Long Term Test: Ford Transit Connect

Date: Monday, May 04, 2015   |   Author: James Dallas

For a light van our Connect can accommodate an impressive amount of gear as well as five people but make sure the doors are shut firmly, James Dallas reports


 

The storage capacities of our long term Connect are impressive – both in the load box and inside the cabin itself – but on a recent family weekend trip to the countryside the van revealed qualities that were positively Tardis-like.

With the rear seats being frequently required in our Connect’s primary role as a passenger carrying vehicle the load area is restricted to 1.2m3 and with three needing to fit into the back, two up front and a pile of luggage waiting to be loaded I feared something would have to give. And that was without factoring in the dog.

But by making use of the generous overhead shelf, the footwells by passengers’ feet, the door bins and by loading up the cargo bay while also managing to reserve enough space for the dog to travel in relative comfort, which he did, apart from when a bag of provisions toppled onto him and had to be re-stacked, nothing had to be left behind.

The view through the rear view mirror was slightly obscured but due to the central pillars in the twin rear doors it is partially obstructed at the best of times so one gets used to relying on the excellent side mirrors, incorporating wide angle sections, anyway.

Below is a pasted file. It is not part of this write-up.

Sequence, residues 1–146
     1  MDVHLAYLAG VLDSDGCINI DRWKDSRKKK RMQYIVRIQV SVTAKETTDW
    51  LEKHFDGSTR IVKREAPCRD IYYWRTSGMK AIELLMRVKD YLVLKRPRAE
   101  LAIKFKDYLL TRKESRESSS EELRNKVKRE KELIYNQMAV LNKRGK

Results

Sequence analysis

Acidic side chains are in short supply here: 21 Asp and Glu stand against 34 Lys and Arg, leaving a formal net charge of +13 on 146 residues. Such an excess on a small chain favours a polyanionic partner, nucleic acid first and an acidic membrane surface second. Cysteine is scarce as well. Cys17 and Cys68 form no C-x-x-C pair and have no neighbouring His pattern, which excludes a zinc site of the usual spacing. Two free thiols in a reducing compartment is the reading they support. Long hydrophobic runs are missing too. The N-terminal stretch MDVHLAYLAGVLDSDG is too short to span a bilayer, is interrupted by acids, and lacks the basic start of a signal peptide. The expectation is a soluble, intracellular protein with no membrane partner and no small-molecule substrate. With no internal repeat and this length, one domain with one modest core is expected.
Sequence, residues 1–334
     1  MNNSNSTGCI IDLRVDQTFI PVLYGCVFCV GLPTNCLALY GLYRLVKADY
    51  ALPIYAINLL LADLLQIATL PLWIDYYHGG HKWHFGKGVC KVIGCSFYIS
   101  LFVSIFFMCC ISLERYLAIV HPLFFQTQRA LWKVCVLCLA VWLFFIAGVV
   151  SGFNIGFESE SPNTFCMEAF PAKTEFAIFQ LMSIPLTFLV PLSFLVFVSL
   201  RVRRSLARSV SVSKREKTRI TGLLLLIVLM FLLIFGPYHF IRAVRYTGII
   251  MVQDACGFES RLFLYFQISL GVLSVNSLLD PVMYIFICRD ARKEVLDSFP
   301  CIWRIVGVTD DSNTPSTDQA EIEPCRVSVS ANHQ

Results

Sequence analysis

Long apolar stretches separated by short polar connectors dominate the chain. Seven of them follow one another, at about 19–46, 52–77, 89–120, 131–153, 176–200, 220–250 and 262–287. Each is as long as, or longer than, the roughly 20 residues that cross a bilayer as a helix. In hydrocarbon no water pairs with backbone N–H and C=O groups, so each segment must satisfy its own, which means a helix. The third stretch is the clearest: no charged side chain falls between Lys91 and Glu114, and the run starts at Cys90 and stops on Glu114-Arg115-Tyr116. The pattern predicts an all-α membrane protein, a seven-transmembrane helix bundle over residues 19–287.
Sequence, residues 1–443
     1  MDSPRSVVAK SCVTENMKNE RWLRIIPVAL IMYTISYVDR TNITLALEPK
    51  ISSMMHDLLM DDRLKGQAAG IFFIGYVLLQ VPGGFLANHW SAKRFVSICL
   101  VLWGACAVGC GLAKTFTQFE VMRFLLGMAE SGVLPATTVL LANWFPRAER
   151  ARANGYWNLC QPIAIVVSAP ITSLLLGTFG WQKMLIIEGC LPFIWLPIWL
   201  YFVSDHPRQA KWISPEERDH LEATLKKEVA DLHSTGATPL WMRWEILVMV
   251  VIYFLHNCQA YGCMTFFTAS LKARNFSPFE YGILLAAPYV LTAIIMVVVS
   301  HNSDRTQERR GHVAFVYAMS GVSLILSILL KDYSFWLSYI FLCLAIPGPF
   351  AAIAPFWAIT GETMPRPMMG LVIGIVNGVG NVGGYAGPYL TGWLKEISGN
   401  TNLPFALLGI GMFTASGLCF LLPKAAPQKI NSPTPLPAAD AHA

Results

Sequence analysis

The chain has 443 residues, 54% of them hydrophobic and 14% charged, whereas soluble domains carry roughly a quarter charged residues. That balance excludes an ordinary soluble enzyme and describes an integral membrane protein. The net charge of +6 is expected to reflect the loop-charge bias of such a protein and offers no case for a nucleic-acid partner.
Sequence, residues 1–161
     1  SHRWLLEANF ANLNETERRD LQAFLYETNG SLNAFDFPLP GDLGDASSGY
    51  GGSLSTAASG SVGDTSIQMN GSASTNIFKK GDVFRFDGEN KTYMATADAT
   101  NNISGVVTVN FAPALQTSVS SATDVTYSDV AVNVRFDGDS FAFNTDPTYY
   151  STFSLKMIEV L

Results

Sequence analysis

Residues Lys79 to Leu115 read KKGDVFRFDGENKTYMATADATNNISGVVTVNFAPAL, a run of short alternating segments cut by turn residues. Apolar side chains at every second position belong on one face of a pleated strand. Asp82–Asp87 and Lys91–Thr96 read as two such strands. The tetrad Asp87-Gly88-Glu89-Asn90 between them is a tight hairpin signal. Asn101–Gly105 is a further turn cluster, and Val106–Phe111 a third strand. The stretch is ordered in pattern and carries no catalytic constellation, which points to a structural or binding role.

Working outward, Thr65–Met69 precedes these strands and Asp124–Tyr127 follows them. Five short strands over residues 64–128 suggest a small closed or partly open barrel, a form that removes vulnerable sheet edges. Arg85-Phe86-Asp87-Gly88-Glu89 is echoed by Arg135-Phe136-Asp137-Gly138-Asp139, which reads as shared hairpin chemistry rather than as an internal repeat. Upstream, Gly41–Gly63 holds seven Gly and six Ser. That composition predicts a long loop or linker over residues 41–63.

Talking about these side mirrors, the offside one did well a few weeks ago to survive a hefty knock it took from, presumably, the equivalent component on a Mercedes Sprinter van that was careering at speed and on the wrong side of the road during rush hour. The blow shattered the plastic casing but the mirror itself remained in full working order, a testament, perhaps, to the Connect’s robust build quality. The only consequences while we await a replacement cover are aesthetic; the mirror’s unsightly innards are now on display, and sonic; a high pitched whistling sound now accompanies high speed journeys, which most likely also has a detrimental impact on the vehicle’s aerodynamic performance.

Generally the Connect gives the impression of being solidly bolted together, the doors shut with a reassuring clunk and no bits have dropped off yet. However, the offside rear door has developed a habit of not shutting properly unless slammed with a good deal of force. Otherwise an alert on the dash immediately tells the driver the door is not properly closed and is accompanied, if reverse gear is engaged, by a warning that the reversing camera is incorrectly positioned.

 

 



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